Despite her tabloid status as a former child star, recovering alcoholic, and whiplash bride and divorcée, Drew Barrymore, as an actress, erases her public image every time she’s onscreen. In Never Been Kissed, as fledgling newspaper reporter Josie Geller, she again gets the chance to play her ideal role— a wised-up young woman with a little girl’s wistful face. The setup for Josie’s transformation from mousy, pedantic copy editor to a revised version of her geeky high-school self is both familiar (Fast Times at Ridgemont High, the book, anyone?) and ridiculous (her Chicago daily happily bankrolls her months-long undercover project, plus an electronic surveillance team to keep an eye on her), but with Barrymore at center stage, the contrivance hardly matters. Determined to rewrite her humiliating high-school years, Josie tries to infiltrate the popular crowd, but only the school nerds (led by Leelee Sobieski) will accept her. Josie’s other champion is a distractingly handsome English teacher (Michael Vartan), who is delighted by her mature understanding of Shakespeare’s As You Like It. Josie, like Rosalind, has found her true love while in disguise.
So far, so good. But the movie becomes strictly formulaic when Josie, at the urging of her scandal-mongering editor, must dump her brainy pals in favor of the hard-partying in-crowd. By this time, her brother (David Arquette), a one-time high-school baseball star gone to seed, has joined her undercover, and embarks on a ludicrous gossip campaign to pump up Josie’s reputation. Though director Raja Gosnell seems to want to rush to the movie’s prom-night climax, Never Been Kissed is a lively tribute to the awkwardness and power of adolescent girlhood.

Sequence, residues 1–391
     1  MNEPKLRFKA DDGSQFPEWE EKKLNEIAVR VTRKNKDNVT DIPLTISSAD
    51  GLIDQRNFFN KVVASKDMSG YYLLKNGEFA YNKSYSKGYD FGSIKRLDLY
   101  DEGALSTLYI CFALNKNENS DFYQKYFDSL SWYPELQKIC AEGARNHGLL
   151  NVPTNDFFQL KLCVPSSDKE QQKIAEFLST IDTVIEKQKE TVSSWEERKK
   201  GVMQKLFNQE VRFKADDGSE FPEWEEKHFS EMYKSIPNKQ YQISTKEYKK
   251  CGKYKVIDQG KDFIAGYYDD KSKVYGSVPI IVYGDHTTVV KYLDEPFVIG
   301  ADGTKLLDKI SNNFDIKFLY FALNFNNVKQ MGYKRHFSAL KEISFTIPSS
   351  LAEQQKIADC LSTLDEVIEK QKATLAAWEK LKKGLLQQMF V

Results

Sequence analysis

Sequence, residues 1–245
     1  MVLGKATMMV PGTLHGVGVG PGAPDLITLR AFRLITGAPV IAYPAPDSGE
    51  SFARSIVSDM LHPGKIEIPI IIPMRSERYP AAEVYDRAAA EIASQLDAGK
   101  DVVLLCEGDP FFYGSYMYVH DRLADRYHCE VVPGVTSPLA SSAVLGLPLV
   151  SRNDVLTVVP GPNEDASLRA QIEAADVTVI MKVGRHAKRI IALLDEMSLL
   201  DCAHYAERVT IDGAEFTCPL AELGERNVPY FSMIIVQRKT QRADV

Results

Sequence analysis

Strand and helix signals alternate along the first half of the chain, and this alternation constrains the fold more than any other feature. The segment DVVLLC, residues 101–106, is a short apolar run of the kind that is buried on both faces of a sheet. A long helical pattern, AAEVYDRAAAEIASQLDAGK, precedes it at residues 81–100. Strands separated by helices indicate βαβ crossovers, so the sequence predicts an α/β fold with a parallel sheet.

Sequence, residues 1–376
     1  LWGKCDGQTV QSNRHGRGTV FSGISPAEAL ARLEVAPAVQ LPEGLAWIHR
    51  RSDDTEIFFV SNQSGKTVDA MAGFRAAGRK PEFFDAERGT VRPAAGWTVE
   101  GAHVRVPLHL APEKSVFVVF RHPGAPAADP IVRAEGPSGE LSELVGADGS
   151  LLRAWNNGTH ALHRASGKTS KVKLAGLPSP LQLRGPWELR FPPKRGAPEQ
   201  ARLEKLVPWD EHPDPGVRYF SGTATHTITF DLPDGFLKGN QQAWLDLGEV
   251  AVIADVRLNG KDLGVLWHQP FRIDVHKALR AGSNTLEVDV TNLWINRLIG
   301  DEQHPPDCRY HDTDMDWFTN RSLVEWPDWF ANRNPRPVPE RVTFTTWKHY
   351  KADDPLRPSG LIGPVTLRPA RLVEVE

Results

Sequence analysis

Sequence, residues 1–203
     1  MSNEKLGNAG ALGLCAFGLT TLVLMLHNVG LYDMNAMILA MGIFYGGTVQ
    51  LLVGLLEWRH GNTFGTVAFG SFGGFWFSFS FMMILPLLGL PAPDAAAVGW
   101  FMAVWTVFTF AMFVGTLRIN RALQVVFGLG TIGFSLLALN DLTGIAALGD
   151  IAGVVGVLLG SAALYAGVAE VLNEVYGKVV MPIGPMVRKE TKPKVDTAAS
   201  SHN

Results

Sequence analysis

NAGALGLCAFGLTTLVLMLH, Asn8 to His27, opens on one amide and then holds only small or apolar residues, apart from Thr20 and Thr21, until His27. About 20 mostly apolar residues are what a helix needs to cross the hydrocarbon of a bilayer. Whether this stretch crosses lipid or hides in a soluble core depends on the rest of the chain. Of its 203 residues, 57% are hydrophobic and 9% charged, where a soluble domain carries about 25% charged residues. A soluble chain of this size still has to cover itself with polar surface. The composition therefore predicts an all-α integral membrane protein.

Less accomplished, but more obviously derived from a Shakespearean source, is 10 Things I Hate About You, a modern twist on The Taming of the Shrew. In yet another wildly privileged high school, where students drive fancy cars and chat about their Prada accessories, Katarina (Julia Stiles) is a proud, brash exception. She stalks around campus in fatigues and combat boots, shunning boys and the popular crowd, and turning every English-class discussion into a platform for her spirited feminist views. Her overprotective father has decreed that his popular younger daughter, Bianca, cannot date until Kat does. Naturally, this sets the stage for another one of those obvious, cruel bets that seem to occur only in movies about high school: Bianca’s suitor begs the school tough guy to consider Kat an adventure in “extreme dating.” Anyone who hates ’80s pop will find this movie awfully tiresome, but Stiles and her underage Petruchio (Australian actor Heath Ledger, as hunky as his name) are charismatic and bold enough to carry any romantic comedy. And that, plus one really funny joke about the Bard himself, is plenty.